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A History of England Principally in the Seventeent

When Parliament was summoned for November 1605


grant of a subsidy was most urgently needed by the King, whose purse had been emptied by the expenses of taking possession and by his prodigality; but the tone of feeling was so unfavourable that he forbore to apply for it, as he would not expose himself to a refusal which was certain beforehand.

A petition in favour of some indulgence for the Puritans was drawn up in complete opposition to the King's views, although it seems not to have been carried through or sent in. A rigorous bill against the Jesuits and recusants on the other hand actually passed through the House. Lord Montague, who spoke against it, was brought before the House of Lords to answer for some expressions which he used on that occasion, and which savoured of Catholic principles.

It is quite clear that the very first Parliament of King James set itself systematically in opposition to him. He desired union, clemency to the Catholics, and punishment of the Puritans; and he required subsidies: on all these subjects an opposite view prevailed in Parliament. And the divergence was not confined to single points. The maintenance of that extended prerogative which had been once established, had been endured under a sovereign who was a native of the country, had deserved well of her subjects, and was thoroughly English in her sentiments. But similar pretensions appeared insufferable in a king of foreign birth, who pursued ideas that were British rather

than English, or rather who had combined for himself a number of tendencies arising out of the position in which, grand as it was, he stood alone among English sovereigns. We perceive that by this time the notion had been definitely formed of reviving the rights of Parliament which had fallen into abeyance in the late reigns.[327] Even under the Tudors Parliament had exercised a very considerable influence, but had more or less submitted to the ruling powers. Under the new government it thought of winning back the authority which it had wrung from more than one Plantagenet, and had possessed under the house of Lancaster. Already members were heard to assert that the legislative power lay in their hands; and that, if the King refused to approve the laws for which they demanded his sanction, they would refuse him the subsidies which he needed.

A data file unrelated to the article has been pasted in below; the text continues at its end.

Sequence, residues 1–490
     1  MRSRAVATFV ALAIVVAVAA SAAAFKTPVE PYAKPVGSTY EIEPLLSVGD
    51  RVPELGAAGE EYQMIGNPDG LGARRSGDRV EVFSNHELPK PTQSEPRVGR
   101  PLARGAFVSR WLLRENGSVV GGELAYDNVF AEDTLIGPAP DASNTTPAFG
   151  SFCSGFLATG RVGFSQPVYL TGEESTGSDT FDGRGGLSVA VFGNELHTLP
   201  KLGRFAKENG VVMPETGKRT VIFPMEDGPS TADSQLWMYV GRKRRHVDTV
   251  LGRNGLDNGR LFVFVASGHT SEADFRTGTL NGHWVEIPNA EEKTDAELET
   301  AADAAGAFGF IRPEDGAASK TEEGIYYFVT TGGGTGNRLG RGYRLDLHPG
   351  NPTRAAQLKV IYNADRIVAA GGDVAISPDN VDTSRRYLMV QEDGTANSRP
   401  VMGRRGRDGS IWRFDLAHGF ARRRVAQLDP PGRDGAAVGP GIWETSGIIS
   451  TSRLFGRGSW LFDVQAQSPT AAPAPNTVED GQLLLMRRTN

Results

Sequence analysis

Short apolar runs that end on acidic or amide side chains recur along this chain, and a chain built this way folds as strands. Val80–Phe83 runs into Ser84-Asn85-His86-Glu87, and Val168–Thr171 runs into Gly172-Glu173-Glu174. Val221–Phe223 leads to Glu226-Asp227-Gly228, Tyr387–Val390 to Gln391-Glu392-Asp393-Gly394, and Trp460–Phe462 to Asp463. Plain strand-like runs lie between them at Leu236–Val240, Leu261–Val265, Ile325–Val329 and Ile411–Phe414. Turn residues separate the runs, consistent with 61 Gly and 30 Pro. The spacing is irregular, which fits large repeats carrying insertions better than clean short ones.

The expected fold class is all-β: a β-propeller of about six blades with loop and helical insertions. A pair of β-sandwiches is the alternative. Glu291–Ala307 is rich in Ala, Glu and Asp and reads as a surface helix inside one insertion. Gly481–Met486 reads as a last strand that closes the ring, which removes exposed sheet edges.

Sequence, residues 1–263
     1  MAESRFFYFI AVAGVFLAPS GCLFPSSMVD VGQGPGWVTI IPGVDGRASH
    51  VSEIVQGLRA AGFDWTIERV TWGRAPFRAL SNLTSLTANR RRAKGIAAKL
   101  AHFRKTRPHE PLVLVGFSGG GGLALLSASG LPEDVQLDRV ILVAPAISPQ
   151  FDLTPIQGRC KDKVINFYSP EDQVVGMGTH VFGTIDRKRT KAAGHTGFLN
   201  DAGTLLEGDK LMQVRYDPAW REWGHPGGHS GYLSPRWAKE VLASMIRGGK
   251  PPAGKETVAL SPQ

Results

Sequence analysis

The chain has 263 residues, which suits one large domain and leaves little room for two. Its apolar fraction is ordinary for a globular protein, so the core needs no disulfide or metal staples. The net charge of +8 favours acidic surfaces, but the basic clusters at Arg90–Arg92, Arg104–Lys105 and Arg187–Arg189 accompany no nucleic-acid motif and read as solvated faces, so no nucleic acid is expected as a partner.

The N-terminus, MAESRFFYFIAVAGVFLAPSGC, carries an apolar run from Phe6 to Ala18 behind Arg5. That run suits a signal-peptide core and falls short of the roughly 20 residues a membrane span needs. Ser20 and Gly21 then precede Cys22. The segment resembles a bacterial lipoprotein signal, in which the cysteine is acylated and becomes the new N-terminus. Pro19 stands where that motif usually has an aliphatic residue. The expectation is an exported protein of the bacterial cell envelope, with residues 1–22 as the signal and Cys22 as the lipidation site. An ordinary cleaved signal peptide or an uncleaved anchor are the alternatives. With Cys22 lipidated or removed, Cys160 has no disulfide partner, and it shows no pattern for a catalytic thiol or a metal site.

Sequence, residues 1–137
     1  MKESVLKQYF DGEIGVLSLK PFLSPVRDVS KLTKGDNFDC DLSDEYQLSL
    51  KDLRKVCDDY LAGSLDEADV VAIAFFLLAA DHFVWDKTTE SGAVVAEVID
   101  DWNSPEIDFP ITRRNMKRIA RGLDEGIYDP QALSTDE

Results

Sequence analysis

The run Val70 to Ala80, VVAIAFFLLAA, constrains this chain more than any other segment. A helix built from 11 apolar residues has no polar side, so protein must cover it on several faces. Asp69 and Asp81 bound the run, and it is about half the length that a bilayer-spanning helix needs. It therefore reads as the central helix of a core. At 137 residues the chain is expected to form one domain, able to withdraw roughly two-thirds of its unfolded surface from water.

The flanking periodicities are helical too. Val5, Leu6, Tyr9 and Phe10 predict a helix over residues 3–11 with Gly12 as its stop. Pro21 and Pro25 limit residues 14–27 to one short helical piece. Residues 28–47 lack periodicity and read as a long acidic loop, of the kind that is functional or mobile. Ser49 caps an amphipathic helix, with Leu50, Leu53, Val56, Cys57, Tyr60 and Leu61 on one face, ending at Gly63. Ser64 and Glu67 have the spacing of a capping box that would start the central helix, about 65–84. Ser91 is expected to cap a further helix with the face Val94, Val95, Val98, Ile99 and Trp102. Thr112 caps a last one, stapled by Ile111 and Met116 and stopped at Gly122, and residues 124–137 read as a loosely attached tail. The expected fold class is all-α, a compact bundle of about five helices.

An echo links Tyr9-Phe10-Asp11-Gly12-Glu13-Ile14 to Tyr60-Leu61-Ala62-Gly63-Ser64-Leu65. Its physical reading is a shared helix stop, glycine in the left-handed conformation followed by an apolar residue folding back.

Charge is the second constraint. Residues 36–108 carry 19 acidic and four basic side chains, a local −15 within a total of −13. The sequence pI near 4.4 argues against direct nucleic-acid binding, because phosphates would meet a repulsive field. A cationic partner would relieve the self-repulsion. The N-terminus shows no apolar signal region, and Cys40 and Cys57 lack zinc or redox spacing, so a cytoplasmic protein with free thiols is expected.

[Sidenote: A.D. 1605.]

And this resolution was strengthened by the ill-feeling which the treatment of the Puritan ministers excited. The Parliament had been adjourned from August 1604 until February 1605: but the King feared that these clergymen, who had been assailed just at that time, might apply to the Lower House in which so many Puritans had seats.[328] He therefore prorogued it afresh in the hope of getting rid of certain persons who were especially hostile, or of bringing them over to his own side.

Instead of this, new grievances were constantly accumulating. In the absence of regular subsidies the King helped himself to money by a voluntary loan, which gave great offence, and in this matter also led people to contrast the late Queen's conduct with that of James. She had, so people said, conducted the war in Spain, afforded help to the Netherlands, and maintained garrisons on the Scottish border, three measures which had cost her millions; of all this there was no mention under the present King. On the contrary he had additional revenues from Scotland; for what reason did he require extraordinary subsidies?[329] Men complained of his movements to and fro in the country, and of the harshness with which the right of the court to transport and cheap entertainment on these occasions was enforced; of his hunting, by which the tillage was injured; most of all, of his intended advancement of the Customs Duties, for this would damage trade and certainly would benefit only the great men who were interested in the farming of the Customs. The King had once thought of dissolving Parliament, but afterwards renounced the idea. As it was, when Parliament was summoned for November 1605, a stormy session lay before it, owing to the attack made by the Parliamentary and Puritan party upon the behaviour of the King in ecclesiastical and political questions, as well as upon the financial disorder which was gaining ground.

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